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1. chinaXiv:202004.00009 [pdf]

CAN Algorithm: An Individual Level Approach to identify Consequences and Norms Sensitivities and Overall Action/inaction Preferences in Moral Decision-making

Chuanjun Liu; Jiangqun Liao
Subjects: Psychology >> Psychological Measurement

Gawronski et al. (2017) developed a CNI model to measure an agent’s norms sensitivity, consequences sensitivity, and generalized inaction/action preferences when making moral decisions. However, the CNI model presupposed that an agent considers consequences—norms—generalized inaction/action preferences sequentially, which is untenable based on recent evidence. Moreover, the CNI model generates parameters at the group level based on binary categoric data. Hence, the C/N/I parameters cannot be used for correlation analyses or other conventional research designs. To solve these limitations, we developed the CAN algorithm to compute norms and consequences sensitivities and overall action/inaction preferences algebraically in a parallel manner. We re-analyzed the raw data of Gawronski et al.(2017) to test the methodological predictions. Our results demonstrate that: (1) the C parameter is approximately equal between the CNI model and CAN algorithm; (2) the N parameter under the CNI model approximately equals N/(1 – C) under the CAN algorithm; (3) the I parameter and A parameter are reversed around 0.5 – the larger the I parameter, the more the generalized inaction versus action preference and the larger the A parameter, the more overall action versus inaction preference; (4) tests of differences in parameters between groups with the CNI model and CAN algorithm led to almost the same statistical conclusion; (5) Parameters from the CAN algorithm can be used for correlational analyses and multiple comparisons, and this is an advantage over the parameters from the CNI model. The theoretical and methodological implications of our study were also discussed.

submitted time 2020-04-03 Hits6196Downloads604 Comment 0

2. chinaXiv:201910.00029 [pdf]

Stand up to Action: The Postural Effect on Deontological Responding and the Boundary Condition of Dual Process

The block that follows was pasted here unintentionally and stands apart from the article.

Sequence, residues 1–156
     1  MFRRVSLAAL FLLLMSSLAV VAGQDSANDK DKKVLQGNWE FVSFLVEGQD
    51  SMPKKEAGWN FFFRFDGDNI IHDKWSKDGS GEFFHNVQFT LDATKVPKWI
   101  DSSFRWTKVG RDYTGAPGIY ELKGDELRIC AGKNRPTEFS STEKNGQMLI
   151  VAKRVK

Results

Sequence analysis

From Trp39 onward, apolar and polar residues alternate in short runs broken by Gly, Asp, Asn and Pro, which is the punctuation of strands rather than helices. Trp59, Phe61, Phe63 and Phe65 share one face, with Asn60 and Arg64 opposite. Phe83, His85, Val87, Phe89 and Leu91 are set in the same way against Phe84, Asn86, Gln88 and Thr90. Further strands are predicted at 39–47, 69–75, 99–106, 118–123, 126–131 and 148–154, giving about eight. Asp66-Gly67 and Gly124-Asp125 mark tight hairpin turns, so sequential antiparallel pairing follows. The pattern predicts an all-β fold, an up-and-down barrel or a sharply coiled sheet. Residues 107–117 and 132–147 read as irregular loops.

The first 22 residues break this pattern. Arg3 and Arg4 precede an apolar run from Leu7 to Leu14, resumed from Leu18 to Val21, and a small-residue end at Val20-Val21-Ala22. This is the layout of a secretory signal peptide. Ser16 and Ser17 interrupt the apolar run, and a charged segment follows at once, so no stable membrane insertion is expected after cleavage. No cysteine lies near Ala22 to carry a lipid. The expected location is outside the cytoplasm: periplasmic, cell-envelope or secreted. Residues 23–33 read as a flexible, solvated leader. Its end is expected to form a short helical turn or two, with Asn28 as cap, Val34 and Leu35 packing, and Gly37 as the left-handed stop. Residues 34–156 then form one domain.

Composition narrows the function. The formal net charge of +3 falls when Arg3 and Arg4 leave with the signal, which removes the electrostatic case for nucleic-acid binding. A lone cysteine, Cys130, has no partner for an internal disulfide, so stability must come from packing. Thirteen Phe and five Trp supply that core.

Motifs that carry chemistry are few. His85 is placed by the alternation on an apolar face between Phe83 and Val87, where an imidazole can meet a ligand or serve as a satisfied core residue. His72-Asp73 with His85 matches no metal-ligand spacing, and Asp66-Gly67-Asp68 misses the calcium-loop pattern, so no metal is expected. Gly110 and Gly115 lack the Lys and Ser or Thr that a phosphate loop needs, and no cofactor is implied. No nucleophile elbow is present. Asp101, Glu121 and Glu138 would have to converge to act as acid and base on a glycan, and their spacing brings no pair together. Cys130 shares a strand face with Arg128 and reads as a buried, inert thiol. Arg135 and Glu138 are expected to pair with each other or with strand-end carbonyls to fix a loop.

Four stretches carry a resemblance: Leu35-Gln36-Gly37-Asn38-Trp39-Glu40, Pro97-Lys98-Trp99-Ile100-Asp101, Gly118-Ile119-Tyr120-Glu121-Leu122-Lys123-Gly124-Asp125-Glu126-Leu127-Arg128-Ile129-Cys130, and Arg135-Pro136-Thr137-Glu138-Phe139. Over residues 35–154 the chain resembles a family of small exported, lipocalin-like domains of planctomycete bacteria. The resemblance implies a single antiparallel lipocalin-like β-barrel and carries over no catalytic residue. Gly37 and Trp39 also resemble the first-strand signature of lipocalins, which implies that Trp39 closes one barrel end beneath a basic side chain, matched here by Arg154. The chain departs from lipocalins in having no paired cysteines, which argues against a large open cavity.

刘传军; 廖江群
Subjects: Psychology >> Social Psychology

Present research aimed to uncover a postural effect on deontological responding and its boundary condition of dual process. Previous literatures demonstrated a possibility that people have a stronger controlled cognitive process propensity, thus being less deontological in standing than sitting postures, and that this postural effect can be moderated by dual process. We conducted two studies in which participant read dilemma scenarios and rated the morally acceptance and action intention of the utilitarian proposal after each scenario when sitting or standing. The hypothesized postural effect was verified in a field study (Study 1) and also replicated in an experimental study (Study 2). Compared with those in sitting postures, participants in standing postures approved more to the utilitarian proposal and became less deontological. Furthermore, the postural effect was dismissed when participants made moral decisions with a dual task to increase cognitive load and reversed when participants made moral decisions after deliberate consideration of the sacrificial proposal (Study 2). Thus, the postural effect was stable across field and experimental studies and moderated by dual process. The present research supports and extends the dual process morality theory by confirming that body posture can affect moral decision-making, and also offers a novel evidence confirming the moderating role of dual process on embodiment effects. It enriches our knowledge that morality is evolutionarily embodied in postures and dual process can moderate the embodiment effects.

submitted time 2020-01-14 Hits16856Downloads1209 Comment 0

3. chinaXiv:201605.01366 [pdf]

Sharpened cortical tuning and enhanced cortico-cortical communication contribute to the long-term neural mechanisms of visual motion perceptual learning

Chen, Nihong; Li, Sheng; Fang, Fang; Chen, Nihong; Li, Sheng; Fang, Fang; Chen, Nihong; Li, Sheng; Fang, Fang; Chen, Nihong; Fang, Fang; Bi, Taiyong; Bi, Taiyong; Zhou, Tiangang; Liu, Zili
Subjects: Biology >> Biophysics >> Neurosciences

Much has been debated about whether the neural plasticity mediating perceptual learning takes place at the sensory or decision-making stage in the brain. To investigate this, we trained human subjects in a visual motion direction discrimination task. Behavioral performance and BOLD signals were measured before, immediately after, and two weeks after training. Parallel to subjects' long-lasting behavioral improvement, the neural selectivity in V3A and the effective connectivity from V3A to IPS (intraparietal sulcus, a motion decisionmaking area) exhibited a persistent increase for the trained direction. Moreover, the improvement was well explained by a linear combination of the selectivity and connectivity increases. These findings suggest that the long-term neural mechanisms of motion perceptual learning are implemented by sharpening cortical tuning to trained stimuli at the sensory processing stage, as well as by optimizing the connections between sensory and decision-making areas in the brain. (C) 2015 Elsevier Inc. All rights reserved.

submitted time 2016-05-12 Hits1971Downloads878 Comment 0

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